[time-nuts] Regulating a pendulum clock

Bill Hawkins bill at iaxs.net
Mon Aug 9 20:36:06 UTC 2010

Ahhh, this is more like it! Large gears and thick ropes moving
heavy weights up and down. :)

Of course, you wouldn't want anything digital doing this. Just
a large pendulum clock driving a maze of gears that calculate
solar and lunar positions.

Bill Hawkins 

-----Original Message-----
From: J. L. Trantham, M. D.
Sent: Monday, August 09, 2010 3:10 PM

Personally, I would get out of the way.  : )


-----Original Message-----
From: Ian Sheffield
Sent: Monday, August 09, 2010 1:17 PM

What happens when the rope breaks?

-----Original Message-----
From: J. Forster
Sent: 09 August 2010 19:10

You could put a large mass of concrete or somehing above the clock and
crank it up and down, to balance out the computed gravity changes.



> Unfortunately Gravity is not constant. Pendulum clocks show cyclic errors
> due to the influences of the Moon's and Sun's Gravitational fields. I
> forget the amounts but it is in the region of parts in 10 to the 7, which
> is easily measurable.
> This limits the compensations one can put into a pendulum clock.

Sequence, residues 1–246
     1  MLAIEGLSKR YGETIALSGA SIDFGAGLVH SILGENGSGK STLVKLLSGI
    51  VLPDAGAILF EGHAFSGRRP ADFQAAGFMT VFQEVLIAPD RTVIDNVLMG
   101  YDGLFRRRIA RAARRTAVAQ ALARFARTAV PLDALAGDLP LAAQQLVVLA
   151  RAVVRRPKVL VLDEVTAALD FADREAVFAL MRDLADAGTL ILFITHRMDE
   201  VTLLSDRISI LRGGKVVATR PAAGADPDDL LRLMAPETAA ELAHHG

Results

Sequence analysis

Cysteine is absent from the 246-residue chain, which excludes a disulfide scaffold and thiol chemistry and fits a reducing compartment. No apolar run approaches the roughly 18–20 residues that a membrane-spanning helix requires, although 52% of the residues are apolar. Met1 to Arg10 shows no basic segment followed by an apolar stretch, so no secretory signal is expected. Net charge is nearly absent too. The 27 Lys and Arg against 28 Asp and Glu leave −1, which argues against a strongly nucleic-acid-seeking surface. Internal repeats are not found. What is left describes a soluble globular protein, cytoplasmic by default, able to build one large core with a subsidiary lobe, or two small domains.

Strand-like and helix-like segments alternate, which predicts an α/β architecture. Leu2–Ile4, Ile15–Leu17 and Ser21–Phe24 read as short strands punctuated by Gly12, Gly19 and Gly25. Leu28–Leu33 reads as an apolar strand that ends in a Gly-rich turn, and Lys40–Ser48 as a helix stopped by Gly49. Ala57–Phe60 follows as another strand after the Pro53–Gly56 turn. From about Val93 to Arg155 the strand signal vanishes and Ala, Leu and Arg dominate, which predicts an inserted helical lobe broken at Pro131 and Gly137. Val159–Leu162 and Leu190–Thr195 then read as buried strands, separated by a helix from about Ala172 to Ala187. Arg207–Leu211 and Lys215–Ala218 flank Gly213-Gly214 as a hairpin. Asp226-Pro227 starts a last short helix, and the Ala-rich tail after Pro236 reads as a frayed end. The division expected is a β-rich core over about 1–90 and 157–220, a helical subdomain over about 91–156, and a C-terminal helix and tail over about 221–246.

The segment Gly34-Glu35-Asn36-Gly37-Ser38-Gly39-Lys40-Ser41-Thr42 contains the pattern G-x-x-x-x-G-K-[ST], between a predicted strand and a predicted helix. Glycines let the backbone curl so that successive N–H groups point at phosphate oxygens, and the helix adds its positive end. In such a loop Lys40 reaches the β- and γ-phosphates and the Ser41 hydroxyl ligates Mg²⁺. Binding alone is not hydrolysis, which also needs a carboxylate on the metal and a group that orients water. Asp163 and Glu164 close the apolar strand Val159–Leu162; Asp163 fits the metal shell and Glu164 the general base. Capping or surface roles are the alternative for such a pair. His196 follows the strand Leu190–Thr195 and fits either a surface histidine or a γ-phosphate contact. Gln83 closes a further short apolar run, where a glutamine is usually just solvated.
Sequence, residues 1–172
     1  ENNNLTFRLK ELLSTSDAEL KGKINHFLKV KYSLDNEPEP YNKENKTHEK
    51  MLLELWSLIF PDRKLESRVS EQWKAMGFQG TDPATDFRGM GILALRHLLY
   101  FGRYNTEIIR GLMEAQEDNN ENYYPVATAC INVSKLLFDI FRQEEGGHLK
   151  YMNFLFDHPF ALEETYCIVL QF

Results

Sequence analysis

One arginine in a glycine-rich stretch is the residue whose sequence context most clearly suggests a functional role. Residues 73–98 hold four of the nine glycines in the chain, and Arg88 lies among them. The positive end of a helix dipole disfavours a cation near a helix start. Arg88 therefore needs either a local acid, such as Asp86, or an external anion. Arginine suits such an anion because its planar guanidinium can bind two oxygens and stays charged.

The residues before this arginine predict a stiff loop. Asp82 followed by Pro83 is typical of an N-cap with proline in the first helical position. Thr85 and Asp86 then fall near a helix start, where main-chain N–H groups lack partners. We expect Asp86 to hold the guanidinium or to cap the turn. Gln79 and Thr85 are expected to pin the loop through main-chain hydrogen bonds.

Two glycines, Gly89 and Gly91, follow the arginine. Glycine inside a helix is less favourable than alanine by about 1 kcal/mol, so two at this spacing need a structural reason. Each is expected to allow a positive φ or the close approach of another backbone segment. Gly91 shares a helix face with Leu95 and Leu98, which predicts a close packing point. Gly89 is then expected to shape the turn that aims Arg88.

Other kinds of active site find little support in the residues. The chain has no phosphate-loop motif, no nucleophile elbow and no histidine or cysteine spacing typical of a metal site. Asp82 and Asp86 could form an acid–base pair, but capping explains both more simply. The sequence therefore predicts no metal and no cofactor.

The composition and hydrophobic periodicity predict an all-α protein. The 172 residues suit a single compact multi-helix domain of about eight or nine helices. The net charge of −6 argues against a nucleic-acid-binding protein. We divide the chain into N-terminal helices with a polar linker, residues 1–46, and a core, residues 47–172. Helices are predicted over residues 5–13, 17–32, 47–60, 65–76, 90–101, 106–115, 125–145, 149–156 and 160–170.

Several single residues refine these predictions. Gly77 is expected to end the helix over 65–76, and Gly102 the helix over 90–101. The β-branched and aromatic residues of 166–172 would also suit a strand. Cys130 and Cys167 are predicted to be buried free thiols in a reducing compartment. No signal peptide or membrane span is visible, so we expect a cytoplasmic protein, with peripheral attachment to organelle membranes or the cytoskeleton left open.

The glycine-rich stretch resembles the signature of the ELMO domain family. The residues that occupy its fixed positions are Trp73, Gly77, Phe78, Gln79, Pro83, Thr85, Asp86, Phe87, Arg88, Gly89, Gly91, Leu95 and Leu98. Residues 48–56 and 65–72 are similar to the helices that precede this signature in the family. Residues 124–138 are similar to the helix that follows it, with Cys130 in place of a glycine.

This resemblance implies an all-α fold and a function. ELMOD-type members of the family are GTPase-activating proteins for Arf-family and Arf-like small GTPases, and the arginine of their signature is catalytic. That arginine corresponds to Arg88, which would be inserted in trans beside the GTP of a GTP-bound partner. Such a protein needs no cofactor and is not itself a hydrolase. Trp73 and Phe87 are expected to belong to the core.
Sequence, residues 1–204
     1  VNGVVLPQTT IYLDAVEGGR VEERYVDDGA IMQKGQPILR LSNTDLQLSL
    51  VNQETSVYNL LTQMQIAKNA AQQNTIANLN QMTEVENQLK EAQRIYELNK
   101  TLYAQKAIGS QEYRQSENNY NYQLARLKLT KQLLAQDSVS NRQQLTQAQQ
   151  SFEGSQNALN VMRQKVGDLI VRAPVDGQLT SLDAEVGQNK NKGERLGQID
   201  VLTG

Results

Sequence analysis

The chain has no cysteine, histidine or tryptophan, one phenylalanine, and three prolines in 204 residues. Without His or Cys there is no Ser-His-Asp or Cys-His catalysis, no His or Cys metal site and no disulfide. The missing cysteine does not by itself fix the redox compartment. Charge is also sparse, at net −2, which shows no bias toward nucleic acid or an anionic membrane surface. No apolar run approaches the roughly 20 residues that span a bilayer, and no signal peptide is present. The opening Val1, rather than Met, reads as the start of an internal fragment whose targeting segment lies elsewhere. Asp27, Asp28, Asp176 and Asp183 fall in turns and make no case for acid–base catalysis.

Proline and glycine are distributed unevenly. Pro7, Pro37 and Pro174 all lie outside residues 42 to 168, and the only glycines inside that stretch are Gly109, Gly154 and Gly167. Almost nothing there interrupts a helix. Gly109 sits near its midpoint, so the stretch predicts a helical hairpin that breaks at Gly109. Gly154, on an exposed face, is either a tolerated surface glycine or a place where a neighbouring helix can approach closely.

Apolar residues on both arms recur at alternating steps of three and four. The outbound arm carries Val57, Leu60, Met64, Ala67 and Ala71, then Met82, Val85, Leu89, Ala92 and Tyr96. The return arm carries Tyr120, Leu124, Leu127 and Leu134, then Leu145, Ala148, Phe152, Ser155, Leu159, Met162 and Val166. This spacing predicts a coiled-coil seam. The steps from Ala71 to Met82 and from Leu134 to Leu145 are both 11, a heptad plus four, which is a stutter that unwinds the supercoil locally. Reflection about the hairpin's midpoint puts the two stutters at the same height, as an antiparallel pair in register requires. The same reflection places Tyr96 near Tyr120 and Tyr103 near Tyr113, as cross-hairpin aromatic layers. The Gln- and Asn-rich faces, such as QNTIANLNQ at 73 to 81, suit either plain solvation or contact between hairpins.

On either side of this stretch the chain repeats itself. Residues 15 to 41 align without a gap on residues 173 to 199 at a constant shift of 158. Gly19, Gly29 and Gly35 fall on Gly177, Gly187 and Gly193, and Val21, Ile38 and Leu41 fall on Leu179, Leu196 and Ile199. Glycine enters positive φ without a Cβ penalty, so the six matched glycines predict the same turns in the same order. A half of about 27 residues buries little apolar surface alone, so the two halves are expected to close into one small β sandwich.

> -----Original Message-----
> From: mike cook
> Sent: 09 August 2010 18:21
> On 09/08/2010 18:46, Bob Holmstrom has written:
>> Food for thought.
>> I find it interesting that no one has suggested alternatives to
>> improving the performance of a pendulum clock other than controlling
>> it with a higher performance clock.  If the goal is a better clock why
>> not attempt to understand the source of the errors and work on methods
>> to control or compensate for them?  Teddy Hall has been taken to task
>> for using a quartz controlled oscillator to measure the amplitude of a
>> pendulum in the control loop of his Littlemore clock.
>> Tom Van Baak has developed techniques for analyzing the performance
>> and hence potential error sources of pendulum clocks - perhaps he will
>> share some of his work here.
>> Horological history is full of many attempts at solutions to the
>> problem, but it would seem that the creativity of this group might
>> generate some new ideas that are more in the spirit of better
>> timekeeping than attaching the pendulum to a better oscillator.
>> How about a wireless controlled device attached to the pendulum that
>> changes its position based on error sensor readings, not time errors,
>> but instead, temperature, barometric pressure, gravity, etc. that
>> would maintain a more constant pendulum period?
> Yup. We have temperature and pressure ICs available , I think that
> gravity is pretty constant if the clock isn't being moved about.
> Humididty might also need logging aswell. So it should be easy enough to
> predict the pendulums response to changes given a reasonable time of
> observation.
>   That said, clocks have always been adjusted against better
> references.. IIRC Harrison (and probably others) was using star transits
> to regulate his long case clocks.
>> Bob Holmström
>> Editor
>> Horological Science Newsletter
>> www.hsn161.com

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